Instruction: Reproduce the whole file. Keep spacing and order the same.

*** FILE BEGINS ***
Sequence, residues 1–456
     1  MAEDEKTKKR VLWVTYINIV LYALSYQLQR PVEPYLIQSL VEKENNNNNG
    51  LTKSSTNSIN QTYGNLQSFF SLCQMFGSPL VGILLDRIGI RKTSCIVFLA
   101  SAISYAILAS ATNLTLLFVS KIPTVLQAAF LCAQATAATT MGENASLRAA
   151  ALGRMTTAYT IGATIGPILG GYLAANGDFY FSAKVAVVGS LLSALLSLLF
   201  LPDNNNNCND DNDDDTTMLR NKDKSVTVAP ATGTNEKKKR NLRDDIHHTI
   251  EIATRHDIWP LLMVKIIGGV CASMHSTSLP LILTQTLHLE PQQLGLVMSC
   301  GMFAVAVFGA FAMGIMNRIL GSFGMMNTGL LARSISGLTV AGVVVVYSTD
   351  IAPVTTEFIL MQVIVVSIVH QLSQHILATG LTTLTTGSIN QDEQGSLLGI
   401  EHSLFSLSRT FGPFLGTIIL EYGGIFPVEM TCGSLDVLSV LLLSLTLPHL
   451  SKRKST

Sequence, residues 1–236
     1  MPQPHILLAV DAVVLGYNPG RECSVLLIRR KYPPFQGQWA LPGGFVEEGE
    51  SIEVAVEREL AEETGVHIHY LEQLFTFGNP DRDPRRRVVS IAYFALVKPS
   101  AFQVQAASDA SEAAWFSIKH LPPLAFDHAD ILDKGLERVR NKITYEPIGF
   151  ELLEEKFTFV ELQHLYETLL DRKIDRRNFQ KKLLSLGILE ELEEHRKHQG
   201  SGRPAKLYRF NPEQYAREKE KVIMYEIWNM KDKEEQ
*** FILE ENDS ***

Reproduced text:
Sequence, residues 1–456
     1  MAEDEKTKKR VLWVTYINIV LYALSYQLQR PVEPYLIQSL VEKENNNNNG
    51  LTKSSTNSIN QTYGNLQSFF SLCQMFGSPL VGILLDRIGI RKTSCIVFLA
   101  SAISYAILAS ATNLTLLFVS KIPTVLQAAF LCAQATAATT MGENASLRAA
   151  ALGRMTTAYT IGATIGPILG GYLAANGDFY FSAKVAVVGS LLSALLSLLF
   201  LPDNNNNCND DNDDDTTMLR NKDKSVTVAP ATGTNEKKKR NLRDDIHHTI
   251  EIATRHDIWP LLMVKIIGGV CASMHSTSLP LILTQTLHLE PQQLGLVMSC
   301  GMFAVAVFGA FAMGIMNRIL GSFGMMNTGL LARSISGLTV AGVVVVYSTD
   351  IAPVTTEFIL MQVIVVSIVH QLSQHILATG LTTLTTGSIN QDEQGSLLGI
   401  EHSLFSLSRT FGPFLGTIIL EYGGIFPVEM TCGSLDVLSV LLLSLTLPHL
   451  SKRKST

Sequence, residues 1–236
     1  MPQPHILLAV DAVVLGYNPG RECSVLLIRR KYPPFQGQWA LPGGFVEEGE
    51  SIEVAVEREL AEETGVHIHY LEQLFTFGNP DRDPRRRVVS IAYFALVKPS
   101  AFQVQAASDA SEAAWFSIKH LPPLAFDHAD ILDKGLERVR NKITYEPIGF
   151  ELLEEKFTFV ELQHLYETLL DRKIDRRNFQ KKLLSLGILE ELEEHRKHQG
   201  SGRPAKLYRF NPEQYAREKE KVIMYEIWNM KDKEEQ